The Commercial Banking Company of Sydney, which had underwritten the operation, foreclosed on the ironworks on 9 December 1907, although it kept the Blast Furnace running. With 700 out of work, the Premier invited the Hoskins brothers to take over the Lithgow iron and steelworks. Althought he complicated deal ensured Sandford's debts were paid and he received enough money to guarantee his financial security, he was devastated and felt deceived by Charles Hoskins. His parting with the Lithgow community was sad for him, his wife Caroline, the workers and their community (McKillop, 2006, online at Lithgow.com/historyavenue/1901_steel.html)
The furnace was officially opened by the premier of New South Wales on May 13, 1907. William Sandford Ltd. soon ran into financial trouble and could not fulfil its contract to supply the government with pig-iron, so in 1908 the company was purchased by Hoskins Bros, owners of the premier manufacturer of iron pipes in Australia. They made few initial alterations to the Blast Furnace, although the ironworks underwent substantial changes. The Hoskins also succeeded in having Sandford's government contract transferred to themselves and extended until the end of 1916. Their success prompted them to build 80 coke ovens and a second blast furnace at the eastern end of the site in 1913. The second furnace was a near replica of Sandford's original construction. Fifteen coke ovens were added shortly afterwards to cope with the extra fuel requirements.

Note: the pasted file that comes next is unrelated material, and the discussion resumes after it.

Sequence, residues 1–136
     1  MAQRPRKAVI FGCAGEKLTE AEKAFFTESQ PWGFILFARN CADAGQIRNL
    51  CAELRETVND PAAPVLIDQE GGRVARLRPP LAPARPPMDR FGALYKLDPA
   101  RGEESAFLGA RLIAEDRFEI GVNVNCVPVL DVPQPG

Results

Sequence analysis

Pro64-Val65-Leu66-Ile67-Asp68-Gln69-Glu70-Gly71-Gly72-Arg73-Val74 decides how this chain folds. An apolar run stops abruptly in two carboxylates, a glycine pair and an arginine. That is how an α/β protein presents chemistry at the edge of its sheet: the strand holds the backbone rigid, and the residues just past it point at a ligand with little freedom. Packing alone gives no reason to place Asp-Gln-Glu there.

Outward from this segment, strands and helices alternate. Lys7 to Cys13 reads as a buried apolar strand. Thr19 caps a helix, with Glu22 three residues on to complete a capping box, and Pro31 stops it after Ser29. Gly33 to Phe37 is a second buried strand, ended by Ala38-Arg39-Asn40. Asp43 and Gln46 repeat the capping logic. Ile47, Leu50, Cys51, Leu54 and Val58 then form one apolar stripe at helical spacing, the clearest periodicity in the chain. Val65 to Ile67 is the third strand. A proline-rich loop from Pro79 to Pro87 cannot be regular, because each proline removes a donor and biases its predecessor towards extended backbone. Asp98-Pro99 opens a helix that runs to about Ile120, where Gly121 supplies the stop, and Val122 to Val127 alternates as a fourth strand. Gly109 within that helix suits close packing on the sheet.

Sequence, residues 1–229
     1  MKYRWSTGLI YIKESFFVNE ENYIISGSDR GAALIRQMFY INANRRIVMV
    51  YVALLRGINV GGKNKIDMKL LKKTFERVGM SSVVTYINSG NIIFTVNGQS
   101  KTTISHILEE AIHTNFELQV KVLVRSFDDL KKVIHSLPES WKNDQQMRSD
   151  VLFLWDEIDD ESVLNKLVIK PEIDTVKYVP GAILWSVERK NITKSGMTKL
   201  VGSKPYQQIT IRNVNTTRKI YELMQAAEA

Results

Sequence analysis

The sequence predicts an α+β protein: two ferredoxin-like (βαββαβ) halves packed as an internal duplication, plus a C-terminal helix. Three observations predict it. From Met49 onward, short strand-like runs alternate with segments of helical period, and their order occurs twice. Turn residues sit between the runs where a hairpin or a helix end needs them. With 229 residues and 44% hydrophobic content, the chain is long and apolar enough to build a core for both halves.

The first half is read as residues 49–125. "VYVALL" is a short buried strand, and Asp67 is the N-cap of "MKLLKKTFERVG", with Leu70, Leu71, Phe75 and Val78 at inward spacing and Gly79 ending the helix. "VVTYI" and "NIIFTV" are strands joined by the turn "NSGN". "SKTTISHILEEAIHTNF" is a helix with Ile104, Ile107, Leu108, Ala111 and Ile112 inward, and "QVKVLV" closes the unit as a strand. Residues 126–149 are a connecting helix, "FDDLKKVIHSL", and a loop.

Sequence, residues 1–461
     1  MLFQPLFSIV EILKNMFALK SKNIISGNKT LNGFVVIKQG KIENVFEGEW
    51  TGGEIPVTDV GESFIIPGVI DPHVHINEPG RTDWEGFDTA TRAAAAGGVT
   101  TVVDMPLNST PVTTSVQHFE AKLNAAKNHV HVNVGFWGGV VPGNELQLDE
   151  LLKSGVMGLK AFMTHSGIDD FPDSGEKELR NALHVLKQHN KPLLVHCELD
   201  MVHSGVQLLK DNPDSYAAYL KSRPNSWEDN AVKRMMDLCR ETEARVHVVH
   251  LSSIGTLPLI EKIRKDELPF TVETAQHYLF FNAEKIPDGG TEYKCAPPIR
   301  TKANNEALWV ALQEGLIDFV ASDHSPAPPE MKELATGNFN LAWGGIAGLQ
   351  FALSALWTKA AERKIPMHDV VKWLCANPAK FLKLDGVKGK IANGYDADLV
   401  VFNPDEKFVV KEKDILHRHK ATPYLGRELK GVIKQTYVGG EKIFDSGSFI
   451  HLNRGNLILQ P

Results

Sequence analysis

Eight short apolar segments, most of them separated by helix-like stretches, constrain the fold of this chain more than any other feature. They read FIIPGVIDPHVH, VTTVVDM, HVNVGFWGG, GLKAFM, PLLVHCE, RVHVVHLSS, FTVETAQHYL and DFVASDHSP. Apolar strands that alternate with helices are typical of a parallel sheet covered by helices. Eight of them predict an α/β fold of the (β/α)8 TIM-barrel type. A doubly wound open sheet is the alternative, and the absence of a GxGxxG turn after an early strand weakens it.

The Hoskins were highly active in the development of the ironworking industry and staunchly opposed the growth of unionism (Cremin and Jack 1986: 8-35). The Hoskins were clear-sighted about the technological problems of the steel and ironworks, and the labour issues, and had considerable business acumen, but Charles Hoskins was impatient and imperious and provoked industrial unrest as soon as he set foot in Lithgow in 1908. He was also a protectionist, and although his negotiations with government over tariffs were never entirely successful, he did manage to get the Eskbank enterprise onto a solid footing before the surge in production caused by World War II (McKillop, op. cit, 2006/online).
The outbreak of WWI saw considerable expansion in operations, although Lithgow's monopoly on iron smelting was about to be seriously challenged by BHP, who opened their Newcastle plant in 1915. However, the opening of a Small Arms factory in Lithgow ensured that the Hoskins' works flourished. A great deal of their profit was ploughed back into the expansion of capacity at the steelworks. In 1923 a fifth blowing engine was added to the original furnace. At 400 tons, it was the largest in Australia.
In the mid 1920s, the decision was taken to move operations to Port Kembla, where the natural resource and transport network were more attractive. The Lithgow site was abandoned in 1928, although the last employees were dismissed in 1932 (Cremin and Jack 1986: 8-35).
The site was bought by the Lithgow City Council and was opened to the public as the The Lithgow Blast Furnace Park in 1988.